Campbell Island shag
Leucocarbo campbelli (Filhol, 1878)
New Zealand status: Endemic
Conservation status: Naturally Uncommon
Other names: Campbell Island cormorant
Geographical variation: Nil
The Campbell Island shag is one of six pink-footed shag species endemic to New Zealand. It is endemic to Campbell Island and is the only shag species resident there. This species is classified as vulnerable by the IUCN because it has a very small breeding range which renders it susceptible to stochastic effects and human impacts. Population trends are unknown, but are assumed to be more or less stable. The Department of Conservation lists it as At Risk / Naturally Uncommon.
Campbell Island (Motu Ihupuku) is the main island of the Campbell Island group. Part of the New Zealand Subantarctic Islands World Heritage Area, the main island covers 112 square km of the group's 113 square km, and is surrounded by various stacks, rocks and islets, including Dent, Folly and Jacquemart Islands (the latter island is the southernmost in New Zealand). Lying 700 km south of Bluff, the islands are located between latitudes 52°32.4′S and longitudes 169°8.7′E.
The Campbell Island shag is a medium-sized, black-and-white marine shag. The black plumage on the head, neck and throat has a metallic green and blue sheen in sunlight, contrasting the white chin and underparts, and pale pink feet. During the breeding season it has a tall, black, recurved head crest and prominent dark purple to reddish-orange facial skin and throat pouch. It lacks the facial caruncles and blue eye-ring of the three northernmost pink-footed shag species, but has a prominent yellow line above the gape, and a yellow spot below it that grades to red. The iris is dark brown, and the long dark brown-grey bill grades to pale pink-orange at the hooked tip. White patches on the upper wings may be prominent, reduced or absent. Non-breeding adults lack a crest, and the black plumage fades to brown. Juveniles have dull brown plumage, dull purple-brown facial skin, and a dull yellow-orange throat pouch. Sexes are alike in plumage but differ in their calls and courtship behaviour. They fly with the head held below the body.
Voice: males bark during courtship displays. They are silent away from breeding colonies.
Similar species: none within its range as it is the only shag that is regularly present at Campbell Island (little shag and black shag occur as vagrants). The related, similar Auckland Island shag has continuous white from the chin and throat to the breast, a magenta-pink eye-ring, red facial skin, and a red-orange to purple throat pouch.
Distribution and habitat
The Campbell Island shag is restricted to Campbell Island and adjacent coastal waters. Birds are mostly seen in the sheltered harbours and inlets of the east and south coast, especially in winter, but they also forage at sea within 10 km of the main island. They often rest on intertidal rocks and coastal headlands after foraging. The only possible record of a Campbell Island shag away from the Campbell Island group is a specimen in Otago Museum labelled as being from the Antipodes Islands. This is possibly the shag that Andreas Reischek reported as being present during his visit to Antipodes Island in February 1888.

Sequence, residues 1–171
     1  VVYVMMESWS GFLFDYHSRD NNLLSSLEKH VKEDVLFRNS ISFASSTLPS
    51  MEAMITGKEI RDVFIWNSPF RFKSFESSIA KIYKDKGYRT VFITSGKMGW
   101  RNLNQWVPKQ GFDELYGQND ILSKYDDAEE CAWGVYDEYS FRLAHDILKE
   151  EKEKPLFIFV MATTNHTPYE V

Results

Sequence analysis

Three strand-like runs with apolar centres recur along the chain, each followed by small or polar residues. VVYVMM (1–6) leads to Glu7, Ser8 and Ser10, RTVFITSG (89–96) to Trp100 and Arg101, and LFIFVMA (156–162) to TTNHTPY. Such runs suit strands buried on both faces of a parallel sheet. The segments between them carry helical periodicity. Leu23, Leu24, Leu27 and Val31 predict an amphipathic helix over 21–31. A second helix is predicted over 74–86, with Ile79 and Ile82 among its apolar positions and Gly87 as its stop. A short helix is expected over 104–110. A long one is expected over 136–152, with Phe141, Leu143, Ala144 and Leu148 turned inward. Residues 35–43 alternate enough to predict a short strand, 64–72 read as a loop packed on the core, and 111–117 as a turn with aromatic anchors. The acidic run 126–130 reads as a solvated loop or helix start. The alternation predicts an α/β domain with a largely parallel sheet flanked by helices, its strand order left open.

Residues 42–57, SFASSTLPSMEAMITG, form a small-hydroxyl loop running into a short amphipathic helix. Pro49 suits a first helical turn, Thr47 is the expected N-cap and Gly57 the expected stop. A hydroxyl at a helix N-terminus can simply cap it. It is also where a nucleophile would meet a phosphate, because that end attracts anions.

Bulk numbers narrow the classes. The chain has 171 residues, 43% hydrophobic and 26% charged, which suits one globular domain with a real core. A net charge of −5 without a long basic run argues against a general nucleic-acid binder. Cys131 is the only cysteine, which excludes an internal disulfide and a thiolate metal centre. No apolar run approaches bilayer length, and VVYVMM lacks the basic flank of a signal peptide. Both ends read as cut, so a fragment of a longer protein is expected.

In 1975 the population of Campbell Island shags was estimated at c.2000 pairs and 8000 individual birds. However, the breeding season may be quite prolonged and staggered between colonies, and so this census may have underestimated the number of pairs.
Threats and conservation
The Campbell Island shag population is thought to be stable. Norway rats were eradicated from Campbell Island in 2001, and feral cats died out in the late 1980s, leaving the island group free of introduced predators. Subantarctic skuas take some shag eggs and chicks, but are unlikely to limit breeding success.
Campbell Island shag breeding ecology is very poorly known. They breed from November to February in colonies of up to 150 nests in large sea caves, and on alcoves and cliff ledges, often beneath overhanging rocks. Elaborate courtship displays by males includes penguin-walking, holding the body horizontally, pressing the breast down and rump up, swinging the head backwards and forwards, gargling, bouncing, tail-raising, bill-gaping, and crest-lowering. Mated birds greet one another by waving their wide-open bills back and forth. Campbell Island shags are probably monogamous. The 2 pale blue eggs (64 x 39 mm) are laid in a large flattened bowl of twigs and tussock. The nestlings are naked with black skin on hatching, later growing dark brown down.
Behaviour and ecology
Campbell Island shags can forage in large flocks of 30 to 100 birds, with one very large flock of 2000 birds recorded in Perseverance Harbour. When hunting, birds fan out in a line on the sea surface, dipping their heads in the water and beating the surface with their wings. They simultaneously jump into the air before diving to feed on small shoaling fish and marine invertebrates. After swimming a long distance underwater, birds reappear scattered across the surface and swim back towards each other to regroup before another dive. Foraging flocks are sometimes accompanied by Cape petrels, Antarctic terns and red-billed gulls.
The diet includes small shoaling fish and marine invertebrates.
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Campbell Island shag
- Breeding season
- Nest description
- A flattened bowl constructed of twigs and tussock grass.
- Nest height (mean)
- 0 m
- Maximum number of successful broods
- Clutch size (mean)
- Mean egg dimensions (length)
- 64 mm
- Mean egg dimensions (width)
- 39 mm
- Egg colour
- Pale blue
- Egg laying dates
- Interval between eggs in a clutch
- Unknown days
- Incubation length (mean)
- Nestling type
- Nestling period (mean)
- Age at fledging (mean)
- Age at independence (mean)
- Age at first breeding (typical)
- Maximum longevity
- >13 years
- Maximum dispersal